As a former communications director for the White House under President George W. Bush, Nicolle Wallace knows how things work in the corridors of power.
In her new novel, "Eighteen Acres," Wallace takes a look at the fictional trials of the United States' first female president.
Read an excerpt of the book below and then head to the "GMA" Library to find more good reads.
Melanie pushed the tissue paper aside and gazed adoringly at the Dior bag she had splurged on for her thirty-seventh birthday. It was a ridiculous extravagance. The second most expensive bag in her closet was a Marc Jacobs she'd purchased on sale years before. The elegance of the two-thousand-dollar Dior purse would be lost on most of Melanie's colleagues, but its perfection brought her a surprising amount of happiness.
As Melanie pulled the purse out of its protective cloth and removed the paper stuffed inside, she suddenly felt worried that all of her electronics wouldn't fit into it properly. She looked at the three BlackBerrys?one for the classified e-mail system, one for the normal White House e-mail system, and one for her personal Yahoo account. She considered leaving one of them behind but thought better of it. Gently, she stacked the BlackBerrys, two phones, her ID for the West Wing, an ID and key for the underground command center she'd be evacuated to in case of a terrorist attack, her passes to the Pentagon and the State Department, an ID for the Camp David guard station, a West Wing parking pass, and her wallet and keys inside and closed it.
She stopped in front of the hallway mirror to attach her hard pin to the lapel of her black Armani pantsuit. The small, round pin bearing the presidential seal signaled to the United States Secret Service that she was to be granted full access to the president. Only a dozen White House staffers were given hard pins. She glanced at her reflection and nodded approvingly. Five years on a strict no-carbohydrate diet had banished her full cheeks, and the miracle of chemical straightening had finally tamed her red curls. Melanie's hair hung in a stylish strawberry-blond bob. She scrunched her nose and leaned in to examine the creases and dark circles that rimmed her eyes. "Those look like the eyes of an old woman," she said to herself before turning out the lights in her Georgetown condo and walking out.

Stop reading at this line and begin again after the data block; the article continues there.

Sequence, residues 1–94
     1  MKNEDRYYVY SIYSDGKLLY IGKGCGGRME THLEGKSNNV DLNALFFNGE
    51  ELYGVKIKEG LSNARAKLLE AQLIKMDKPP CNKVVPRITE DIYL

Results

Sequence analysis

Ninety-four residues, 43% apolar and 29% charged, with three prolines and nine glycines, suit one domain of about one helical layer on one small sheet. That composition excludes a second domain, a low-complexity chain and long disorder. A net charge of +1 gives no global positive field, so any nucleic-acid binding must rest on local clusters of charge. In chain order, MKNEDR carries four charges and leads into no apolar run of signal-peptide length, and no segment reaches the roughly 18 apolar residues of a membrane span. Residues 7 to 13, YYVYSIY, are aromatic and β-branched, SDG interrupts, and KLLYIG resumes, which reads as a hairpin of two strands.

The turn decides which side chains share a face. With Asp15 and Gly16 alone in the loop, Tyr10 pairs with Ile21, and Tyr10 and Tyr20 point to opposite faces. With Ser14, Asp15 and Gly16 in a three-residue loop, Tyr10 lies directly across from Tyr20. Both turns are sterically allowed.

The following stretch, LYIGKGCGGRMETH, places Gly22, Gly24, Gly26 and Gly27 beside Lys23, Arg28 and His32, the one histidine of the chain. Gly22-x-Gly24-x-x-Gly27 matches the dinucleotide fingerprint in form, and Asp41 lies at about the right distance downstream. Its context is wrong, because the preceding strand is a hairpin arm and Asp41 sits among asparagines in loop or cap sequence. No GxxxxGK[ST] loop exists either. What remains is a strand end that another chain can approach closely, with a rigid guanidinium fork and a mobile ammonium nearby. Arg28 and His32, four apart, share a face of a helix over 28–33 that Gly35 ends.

"Morning guys," she said to her agents as she hopped into the SUV that would take her less than two miles to the White House. She'd resisted full-time Secret Service protection at first, but on mornings like this, she was glad she'd relented. Snow had been falling since late the night before, and at five-thirty a.m., they would make fresh tracks.
"Happy birthday, Ms. Kingston," Sherry said. Sherry was one of her regular agents. She turned around, smiled at Melanie, and handed her an envelope. "Open it?it's from both of us," she said, gesturing at Walter, Melanie's other agent.
"Thanks, Sherry, but my birthday is a classified national security event. I didn't even remind Char?er, President Kramer that it was today."
"Mmm-hmm," Walter said, glancing at Melanie in the rearview mirror as he navigated M Street in the snow. "And it's not like she has the CIA or the FBI to turn to if she wants to find out for herself when her chief of staff's birthday is, so you should be fine, Melanie." He smirked. "Your secret is safe with us."
"Shut up, Walter. Just keep your eyes on the road," Melanie said.